EarthCapades – Founded in Pacifica in 1996, EarthCapades provides a vaudeville-style performance for students that effectively weaves comedy, circus skills, music and storytelling with clear lessons about Earth sciences and positive environmental choices. Their H2O Show promotes water awareness and engages the audience in the water cycle (i.e., journey of water from the clouds and rain, to rivers and lakes, through pipes and treatment plants, and into homes and schools). Audiences are inspired to respect, protect, and conserve water through EarthCapades interactive "Edutainment" presentations. In 2010, the Bay Area Water Supply and Conservation Agency (BAWSCA) began contracting with EarthCapades, and since then they have performed over 425 shows in the BAWSCA territory, reaching more than 90,000 students. Regionally, EarthCapades reaches more than 100,000 students each year. A video is available at


Linda Gass & Shaped by Water – Spearheaded by Linda Gass and a team of volunteers, "Shaped by Water: Past, Present and Future" is a traveling exhibition that examines the role of water and water conservation in shaping the history of Santa Clara Valley – and its future. This free interactive exhibit utilizes indoor and outdoor displays incorporating photographs, maps, videos, activities, sound and artwork to inspire a deepened connection to the water that sustains us. It asks the question: “Can history teach us to become better stewards of our water?” An interactive map of California allows visitors to press a button to identify the source of their water and locate local reservoirs, percolation ponds and other water supply infrastructure. A 72-foot long display features 153 one-gallon water bottles (the average daily per-capita water use in Santa Clara Valley) color-coded to show typical average use for landscape irrigation, toilet flushing, showers, etc. Another display explores a less obvious, but even more significant, use of water for producing our food. Visitors place model plates of various food items on the Hidden Water Scale, and carnival-style lights show how much water it took to produce a pound of each menu item. Installations of a laundry-to-landscape greywater wetland and a rainwater harvesting system demonstrate ways we can stretch water further, and visitors learn about the availability of home water audits and water conservation devices. "Shaped by Water" was initially on display at the Los Altos History Museum. It then traveled to the History Museum of Los Gatos, and is currently housed at History San Jose until September 8, 2013. Educational tours for elementary and high school students accompany each of the exhibitions. 


Tuolumne River Trust – In 2009 the Tuolumne River Trust initiated "That's the Tuolumne in my Tap," an environmental education program for 4th-6th grade students covering the source of their water, threats to the Tuolumne and ways to conserve water to help protect the River. Since its inception, the program has reached more than 18,000 students in Alameda, San Francisco, San Mateo and Santa Clara Counties. During the 2010/11 school year, TRT staff and volunteers visited 387 classrooms and engaged more than 10,000 students. Participants follow up with water conservation activities such as a home water audit, a school water audit, an essay contest and a letter to their families focusing on ways they can save water at home. The program also includes a series of community service projects such as rainwater harvesting installations, native plant gardening and local watershed cleanups.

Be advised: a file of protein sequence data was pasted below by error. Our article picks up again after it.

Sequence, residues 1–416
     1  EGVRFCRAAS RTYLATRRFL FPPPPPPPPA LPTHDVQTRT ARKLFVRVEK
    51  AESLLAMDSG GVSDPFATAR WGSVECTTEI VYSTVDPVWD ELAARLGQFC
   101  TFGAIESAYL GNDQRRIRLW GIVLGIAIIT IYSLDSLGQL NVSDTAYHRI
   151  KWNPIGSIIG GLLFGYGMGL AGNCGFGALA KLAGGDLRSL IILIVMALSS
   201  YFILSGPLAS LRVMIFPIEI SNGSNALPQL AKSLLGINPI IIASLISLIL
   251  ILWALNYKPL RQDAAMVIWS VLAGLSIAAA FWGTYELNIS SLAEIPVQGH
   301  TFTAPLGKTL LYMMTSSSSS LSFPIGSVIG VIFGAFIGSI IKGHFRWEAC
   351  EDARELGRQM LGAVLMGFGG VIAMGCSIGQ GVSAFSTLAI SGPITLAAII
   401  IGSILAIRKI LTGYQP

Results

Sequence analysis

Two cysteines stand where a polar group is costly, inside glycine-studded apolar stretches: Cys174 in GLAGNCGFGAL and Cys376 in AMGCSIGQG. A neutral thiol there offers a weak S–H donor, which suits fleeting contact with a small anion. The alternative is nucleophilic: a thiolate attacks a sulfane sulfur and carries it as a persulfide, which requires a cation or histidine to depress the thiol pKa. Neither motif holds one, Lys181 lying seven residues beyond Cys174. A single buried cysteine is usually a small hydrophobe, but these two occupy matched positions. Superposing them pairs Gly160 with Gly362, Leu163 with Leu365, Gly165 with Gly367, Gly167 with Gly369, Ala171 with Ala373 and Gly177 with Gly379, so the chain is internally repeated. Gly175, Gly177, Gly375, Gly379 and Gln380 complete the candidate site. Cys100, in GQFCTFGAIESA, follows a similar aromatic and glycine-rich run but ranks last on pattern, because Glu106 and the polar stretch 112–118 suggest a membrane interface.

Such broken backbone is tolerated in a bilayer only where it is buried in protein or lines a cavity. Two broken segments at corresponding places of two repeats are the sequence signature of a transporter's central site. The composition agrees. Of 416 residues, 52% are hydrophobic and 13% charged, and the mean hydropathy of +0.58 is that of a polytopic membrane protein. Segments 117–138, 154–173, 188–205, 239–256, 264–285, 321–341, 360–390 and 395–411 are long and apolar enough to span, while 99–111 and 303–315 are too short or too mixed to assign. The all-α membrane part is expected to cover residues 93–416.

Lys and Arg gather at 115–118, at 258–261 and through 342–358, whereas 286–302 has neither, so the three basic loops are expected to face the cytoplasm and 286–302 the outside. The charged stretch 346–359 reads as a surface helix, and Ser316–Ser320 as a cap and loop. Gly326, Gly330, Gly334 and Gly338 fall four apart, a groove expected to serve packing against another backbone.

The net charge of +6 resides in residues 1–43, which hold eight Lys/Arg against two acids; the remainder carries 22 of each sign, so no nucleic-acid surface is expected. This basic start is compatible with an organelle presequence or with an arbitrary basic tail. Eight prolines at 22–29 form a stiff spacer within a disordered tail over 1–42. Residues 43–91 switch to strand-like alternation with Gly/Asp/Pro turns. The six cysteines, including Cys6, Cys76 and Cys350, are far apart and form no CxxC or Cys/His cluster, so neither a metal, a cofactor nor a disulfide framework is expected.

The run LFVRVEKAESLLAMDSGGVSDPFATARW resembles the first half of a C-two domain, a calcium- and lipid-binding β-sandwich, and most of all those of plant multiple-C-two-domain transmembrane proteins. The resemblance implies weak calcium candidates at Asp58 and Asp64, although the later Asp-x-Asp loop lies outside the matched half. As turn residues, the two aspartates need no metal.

Our City Forest is a tree planting organization in San Jose dedicated to cultivating a greener, healthier urban environment and a renewed sense of community. Their two educational programs, Planet Tree (geared toward students and Cub Scouts) and Green and Healthy (geared toward high school students and adults), address the need for water conservation. Planet Tree educates children about the importance of native trees and their drought-tolerant nature, and teaches them how they can save water in their homes and at school. Green and Healthy’s free community workshops provide high school students and adult participants with information and resources regarding water conservation, groundwater treatment and ways to make homes more “low flow.” Since 2007, Planet Tree has educated over 3,000 schoolchildren and 500 Boy Scouts, while Green and Healthy has reached more than 300 participants.


The California Landscape Contractors Association’s Water Management Certification Program helps today’s green industry professionals reduce landscape water usage using advanced irrigation technology and a water budget. Certification consists of two parts: a written test and a performance requirement managing a site to a water budget for a year.  The program has been well received by the industry and was approved for continuing education units by PLANET and the Landscape Architecture Continuing Education System.


The California Native Plant Society cosponsored the “Going Native Garden Tour,” educating more than 3,500 people about the water conservation benefits of native plants.